Across to the left of the lake, behind the sailing club, Bill and Nige were packing up their bivvies on the campsite. Bill was throwing gear into the van with gusto, or was that fury! It was raining, a torrential downpour, and blowing a good nine or ten of wind to boot. Isn’t that lovely! There’s no way I’m fishing in that lot, I thought to myself. So I ran myself a brim-full bath of scalding hot water, grabbed my book and for the next three hours or so I soaked away the aches and pains of the past eight days. It was magic and afterwards I could even walk upright!
It didn't last and within an hour I was bent over like an old codger. I asked at reception desk for directions to the nearest chemist. There the pharmacist examined my back, said, "does that hurt?" and prised me off the ceiling after my agonised response. He told me that I had slipped a disc and that he had manipulated it back into place but it would hurt like hell for a few days, and I should go home and rest and then rest some more. I explained that I was 600km from home and was on a camping/fishing trip with my mates. He advised against it but saw that I was determined to carry on regardless so he gave me some really strong pain killers that did exactly what it said on the tin Bliss!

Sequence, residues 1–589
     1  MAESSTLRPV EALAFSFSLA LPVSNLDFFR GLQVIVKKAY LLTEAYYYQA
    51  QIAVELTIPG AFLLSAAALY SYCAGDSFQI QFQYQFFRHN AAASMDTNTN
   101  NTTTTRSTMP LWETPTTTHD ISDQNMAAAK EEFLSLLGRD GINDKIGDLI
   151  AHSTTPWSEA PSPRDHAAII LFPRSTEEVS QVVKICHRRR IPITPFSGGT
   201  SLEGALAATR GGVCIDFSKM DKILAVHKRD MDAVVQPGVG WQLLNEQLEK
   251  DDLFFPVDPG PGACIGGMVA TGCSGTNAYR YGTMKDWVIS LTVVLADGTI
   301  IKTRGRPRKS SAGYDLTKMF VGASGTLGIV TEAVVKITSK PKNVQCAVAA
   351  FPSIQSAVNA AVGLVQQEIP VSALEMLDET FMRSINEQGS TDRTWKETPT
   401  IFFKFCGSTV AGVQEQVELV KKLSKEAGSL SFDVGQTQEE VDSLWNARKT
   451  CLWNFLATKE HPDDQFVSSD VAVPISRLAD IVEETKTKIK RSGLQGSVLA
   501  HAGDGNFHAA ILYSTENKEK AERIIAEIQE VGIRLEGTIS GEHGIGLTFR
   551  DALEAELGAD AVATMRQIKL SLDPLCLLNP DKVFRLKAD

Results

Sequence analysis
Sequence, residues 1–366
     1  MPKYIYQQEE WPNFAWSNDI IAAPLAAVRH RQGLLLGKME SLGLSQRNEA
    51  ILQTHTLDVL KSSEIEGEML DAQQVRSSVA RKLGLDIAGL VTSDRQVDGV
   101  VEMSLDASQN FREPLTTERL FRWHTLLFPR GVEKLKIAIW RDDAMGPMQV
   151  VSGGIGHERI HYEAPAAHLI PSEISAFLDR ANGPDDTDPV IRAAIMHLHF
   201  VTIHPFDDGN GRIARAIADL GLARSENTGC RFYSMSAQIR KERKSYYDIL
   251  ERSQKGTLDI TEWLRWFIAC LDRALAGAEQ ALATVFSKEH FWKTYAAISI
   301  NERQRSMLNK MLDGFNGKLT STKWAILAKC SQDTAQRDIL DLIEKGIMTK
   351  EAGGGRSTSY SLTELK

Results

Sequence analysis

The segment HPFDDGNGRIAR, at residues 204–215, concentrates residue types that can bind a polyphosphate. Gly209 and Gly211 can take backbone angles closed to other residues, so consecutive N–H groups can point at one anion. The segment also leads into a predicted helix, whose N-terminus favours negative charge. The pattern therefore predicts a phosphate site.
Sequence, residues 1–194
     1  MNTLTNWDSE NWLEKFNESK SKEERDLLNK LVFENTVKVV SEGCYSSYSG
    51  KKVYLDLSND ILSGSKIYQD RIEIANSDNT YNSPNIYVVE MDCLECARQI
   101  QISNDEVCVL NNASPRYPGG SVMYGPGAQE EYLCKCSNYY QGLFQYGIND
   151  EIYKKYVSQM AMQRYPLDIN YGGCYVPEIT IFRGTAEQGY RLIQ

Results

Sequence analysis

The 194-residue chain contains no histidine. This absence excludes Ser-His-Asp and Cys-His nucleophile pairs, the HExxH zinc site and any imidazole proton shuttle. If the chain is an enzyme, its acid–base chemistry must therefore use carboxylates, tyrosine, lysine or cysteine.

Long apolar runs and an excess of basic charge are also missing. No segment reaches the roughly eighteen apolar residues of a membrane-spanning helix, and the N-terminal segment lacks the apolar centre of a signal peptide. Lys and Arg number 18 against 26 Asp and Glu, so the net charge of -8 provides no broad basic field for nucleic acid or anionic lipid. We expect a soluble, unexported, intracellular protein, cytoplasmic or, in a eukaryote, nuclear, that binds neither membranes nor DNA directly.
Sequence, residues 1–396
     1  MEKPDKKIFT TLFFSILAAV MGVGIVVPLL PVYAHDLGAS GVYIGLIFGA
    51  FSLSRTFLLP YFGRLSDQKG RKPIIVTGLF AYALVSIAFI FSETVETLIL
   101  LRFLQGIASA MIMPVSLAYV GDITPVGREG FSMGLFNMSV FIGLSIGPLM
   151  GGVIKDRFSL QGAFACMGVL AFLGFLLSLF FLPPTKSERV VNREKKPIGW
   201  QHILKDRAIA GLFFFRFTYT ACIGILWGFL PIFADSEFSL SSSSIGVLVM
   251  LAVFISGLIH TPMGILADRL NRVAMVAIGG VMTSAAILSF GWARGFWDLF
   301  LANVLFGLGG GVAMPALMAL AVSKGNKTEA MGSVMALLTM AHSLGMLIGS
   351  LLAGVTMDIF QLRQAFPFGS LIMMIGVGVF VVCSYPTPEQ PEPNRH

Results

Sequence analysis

By midday the rain had stopped so I went down to see if I could find the others. I noticed four bivvies parked in a row at the top end of the lake and went over for a chat. The bivvies belonged to a party of four lads from Nottingham, friends of Rod Hutchinson, who had asked them to give the water a try to see what it was like. According the Rod it was one of those waters where you have to wade through the small commons to get at the bigger fish. I don’t mind wading like that, even in France, though I accept that it isn’t what everybody goes to France to find. Mind you, wading was hardly what the Notts. lads appeared to be doing for they’d only had a couple of fish between them in the five days they’d been there, and neither had been anything special.